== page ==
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Protecting Alaska's Cook Inlet watershed and the life it sustains since 1995.
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Issues - Watershed Watch Project

Cook Inletkeeper works to protect water quality and sensitive habitat through its Watershed Watch Project, which targets short-sighted development projects with focused advocacy, education and organizing.

Cook Inlet faces heavy pressures from population growth and increased land-use development, such as logging and mining.  More than 60% of Alaska’s population lives and works within the Cook Inlet watershed, and a population explosion of 600% over the past thirty years is paving over wetlands, degrading water quality and destroying salmon habitat.  To compound the problem, Alaskan politicians are eliminating funds and weakening laws to protect our salmon, coastal and water resources.  For example, in recent years, state politicians have eliminated the state’s once-proud coastal management program, rolled back rules protecting salmon streams from pesticides, removed citizens from important oil and gas decisions, and permitted polluting "mixing zones" in Alaska’s prized salmon streams.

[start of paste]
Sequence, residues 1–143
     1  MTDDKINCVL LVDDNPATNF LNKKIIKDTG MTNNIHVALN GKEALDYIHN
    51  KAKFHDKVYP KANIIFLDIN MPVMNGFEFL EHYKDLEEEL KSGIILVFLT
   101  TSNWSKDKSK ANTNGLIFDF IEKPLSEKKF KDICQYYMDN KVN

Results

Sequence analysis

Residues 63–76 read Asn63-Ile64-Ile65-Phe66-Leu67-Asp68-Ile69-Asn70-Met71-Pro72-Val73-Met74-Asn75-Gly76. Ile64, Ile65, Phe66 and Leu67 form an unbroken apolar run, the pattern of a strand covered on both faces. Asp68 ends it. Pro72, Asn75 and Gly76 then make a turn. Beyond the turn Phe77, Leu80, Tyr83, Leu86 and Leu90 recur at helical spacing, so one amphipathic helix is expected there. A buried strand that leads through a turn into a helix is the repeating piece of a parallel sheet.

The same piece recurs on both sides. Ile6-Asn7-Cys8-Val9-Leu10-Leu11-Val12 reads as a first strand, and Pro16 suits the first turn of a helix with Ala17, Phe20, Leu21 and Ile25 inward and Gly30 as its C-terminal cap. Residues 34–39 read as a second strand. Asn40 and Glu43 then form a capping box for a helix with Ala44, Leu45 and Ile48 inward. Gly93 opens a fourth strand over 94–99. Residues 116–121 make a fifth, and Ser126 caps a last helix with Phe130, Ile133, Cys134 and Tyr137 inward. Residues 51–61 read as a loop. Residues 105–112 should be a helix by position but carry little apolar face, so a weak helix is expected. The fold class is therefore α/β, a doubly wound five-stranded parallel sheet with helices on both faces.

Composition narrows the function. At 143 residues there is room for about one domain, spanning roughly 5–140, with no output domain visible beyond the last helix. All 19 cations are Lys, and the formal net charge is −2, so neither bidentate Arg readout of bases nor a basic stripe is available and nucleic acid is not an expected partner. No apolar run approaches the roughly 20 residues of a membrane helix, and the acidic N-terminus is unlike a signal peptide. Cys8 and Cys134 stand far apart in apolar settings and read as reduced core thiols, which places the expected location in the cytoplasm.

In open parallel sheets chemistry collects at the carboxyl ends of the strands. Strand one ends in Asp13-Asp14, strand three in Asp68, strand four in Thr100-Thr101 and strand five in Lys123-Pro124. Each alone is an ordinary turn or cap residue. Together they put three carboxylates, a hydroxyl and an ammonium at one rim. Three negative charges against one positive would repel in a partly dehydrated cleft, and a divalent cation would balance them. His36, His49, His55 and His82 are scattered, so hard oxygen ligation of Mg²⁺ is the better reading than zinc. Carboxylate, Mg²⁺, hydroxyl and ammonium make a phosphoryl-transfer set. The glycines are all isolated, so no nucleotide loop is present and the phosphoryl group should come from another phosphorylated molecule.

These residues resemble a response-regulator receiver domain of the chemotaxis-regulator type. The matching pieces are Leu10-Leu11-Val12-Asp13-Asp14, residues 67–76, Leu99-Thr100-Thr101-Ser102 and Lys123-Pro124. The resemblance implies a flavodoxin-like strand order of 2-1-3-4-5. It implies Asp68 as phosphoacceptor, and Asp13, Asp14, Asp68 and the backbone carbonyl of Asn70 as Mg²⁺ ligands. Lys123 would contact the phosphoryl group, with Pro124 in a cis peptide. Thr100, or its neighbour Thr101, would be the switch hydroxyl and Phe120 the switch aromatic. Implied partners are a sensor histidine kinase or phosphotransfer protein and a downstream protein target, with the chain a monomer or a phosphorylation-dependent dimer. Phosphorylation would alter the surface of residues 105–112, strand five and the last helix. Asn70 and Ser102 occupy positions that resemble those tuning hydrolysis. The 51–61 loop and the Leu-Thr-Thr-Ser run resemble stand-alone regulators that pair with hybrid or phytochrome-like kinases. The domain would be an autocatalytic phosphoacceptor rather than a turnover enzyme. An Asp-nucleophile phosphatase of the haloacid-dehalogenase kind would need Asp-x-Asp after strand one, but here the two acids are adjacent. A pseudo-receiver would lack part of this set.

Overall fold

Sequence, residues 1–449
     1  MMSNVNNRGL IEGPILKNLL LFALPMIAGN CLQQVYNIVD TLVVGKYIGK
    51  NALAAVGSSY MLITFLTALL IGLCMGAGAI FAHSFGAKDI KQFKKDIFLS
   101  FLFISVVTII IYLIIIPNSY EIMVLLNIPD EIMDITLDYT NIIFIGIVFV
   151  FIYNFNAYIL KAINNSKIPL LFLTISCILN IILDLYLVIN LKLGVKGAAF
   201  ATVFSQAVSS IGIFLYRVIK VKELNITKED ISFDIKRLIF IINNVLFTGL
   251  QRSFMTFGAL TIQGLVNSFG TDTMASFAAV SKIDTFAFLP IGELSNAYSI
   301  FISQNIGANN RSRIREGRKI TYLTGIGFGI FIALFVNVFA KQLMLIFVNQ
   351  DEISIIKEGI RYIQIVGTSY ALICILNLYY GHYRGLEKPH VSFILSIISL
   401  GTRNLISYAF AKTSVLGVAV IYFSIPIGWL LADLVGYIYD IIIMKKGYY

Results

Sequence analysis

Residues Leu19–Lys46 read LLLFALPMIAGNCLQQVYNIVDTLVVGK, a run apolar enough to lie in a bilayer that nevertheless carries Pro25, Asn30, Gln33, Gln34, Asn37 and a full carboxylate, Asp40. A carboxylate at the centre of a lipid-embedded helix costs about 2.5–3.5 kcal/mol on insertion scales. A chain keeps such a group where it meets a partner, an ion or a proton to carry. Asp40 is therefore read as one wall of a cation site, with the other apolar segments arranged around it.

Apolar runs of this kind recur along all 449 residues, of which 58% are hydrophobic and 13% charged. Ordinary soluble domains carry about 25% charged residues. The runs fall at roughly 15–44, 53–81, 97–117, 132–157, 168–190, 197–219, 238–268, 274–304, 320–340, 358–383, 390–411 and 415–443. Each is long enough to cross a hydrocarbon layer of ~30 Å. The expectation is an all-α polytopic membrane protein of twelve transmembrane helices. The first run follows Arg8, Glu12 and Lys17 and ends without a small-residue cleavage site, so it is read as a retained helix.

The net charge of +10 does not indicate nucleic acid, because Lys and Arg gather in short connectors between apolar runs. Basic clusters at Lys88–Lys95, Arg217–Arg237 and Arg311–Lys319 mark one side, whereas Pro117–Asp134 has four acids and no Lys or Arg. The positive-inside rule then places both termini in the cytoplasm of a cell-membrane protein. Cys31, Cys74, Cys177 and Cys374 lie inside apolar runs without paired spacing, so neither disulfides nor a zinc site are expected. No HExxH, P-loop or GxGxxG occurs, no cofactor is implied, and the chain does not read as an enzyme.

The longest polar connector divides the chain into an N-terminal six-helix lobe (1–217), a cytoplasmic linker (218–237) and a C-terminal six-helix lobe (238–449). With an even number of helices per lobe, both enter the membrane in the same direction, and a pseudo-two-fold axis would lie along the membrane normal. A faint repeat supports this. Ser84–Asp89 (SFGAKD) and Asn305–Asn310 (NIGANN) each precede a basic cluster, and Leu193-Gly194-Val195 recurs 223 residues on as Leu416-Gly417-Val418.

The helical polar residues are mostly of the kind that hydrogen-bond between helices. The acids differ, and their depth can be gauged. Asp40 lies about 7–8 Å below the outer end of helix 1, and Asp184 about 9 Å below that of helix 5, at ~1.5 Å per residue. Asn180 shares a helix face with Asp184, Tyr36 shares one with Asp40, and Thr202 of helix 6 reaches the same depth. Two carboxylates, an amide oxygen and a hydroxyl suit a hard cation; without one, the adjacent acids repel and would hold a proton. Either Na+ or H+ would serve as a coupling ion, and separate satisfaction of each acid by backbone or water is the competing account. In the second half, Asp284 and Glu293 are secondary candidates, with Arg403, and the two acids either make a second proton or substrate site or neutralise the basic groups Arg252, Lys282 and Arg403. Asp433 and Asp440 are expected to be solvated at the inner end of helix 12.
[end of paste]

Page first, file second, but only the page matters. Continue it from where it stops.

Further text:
To counter these rollbacks, and to give a voice to clean water and healthy habitat in the face of short-sighted development projects, Inletkeeper's Watershed Watch Project provides citizens with a toll free pollution hotline (1-888 MY INLET), and gives Inletkeeper a platform to comment on and challenge rules, laws and projects that will fill sensitive wetlands, degrade salmon streams and pollute our water.

Inletkeeper Strategies

Cook Inletkeeper’s Watershed Watch Program envisions sustainable human development which protects salmon streams, wetlands and other sensitive wildlife habitat areas from pollution and habitat destruction.  Inletkeeper strives to attain this vision by:

  1. helping citizens engage government and industry personnel to resolve local and regional environmental concerns;
  2. holding government and industry accountable to enforcing and following environmental laws; and
  3. ensuring that environmental laws are held to high standards that protect clean water, healthy habitat and human rights.


Inletkeeper relies on its “eyes and ears” network of concerned citizens to report incidents of pollution and habitat destruction to Inletkeeper’s toll free hotline, and Inletkeeper helps citizens document incidents, take samples, and ensure proper agency response.  Inletkeeper also organizes citizens to comment on development proposals and advocate for and defend environmental policies.


Inletkeeper’s Myth of Rigorous Permitting Presentation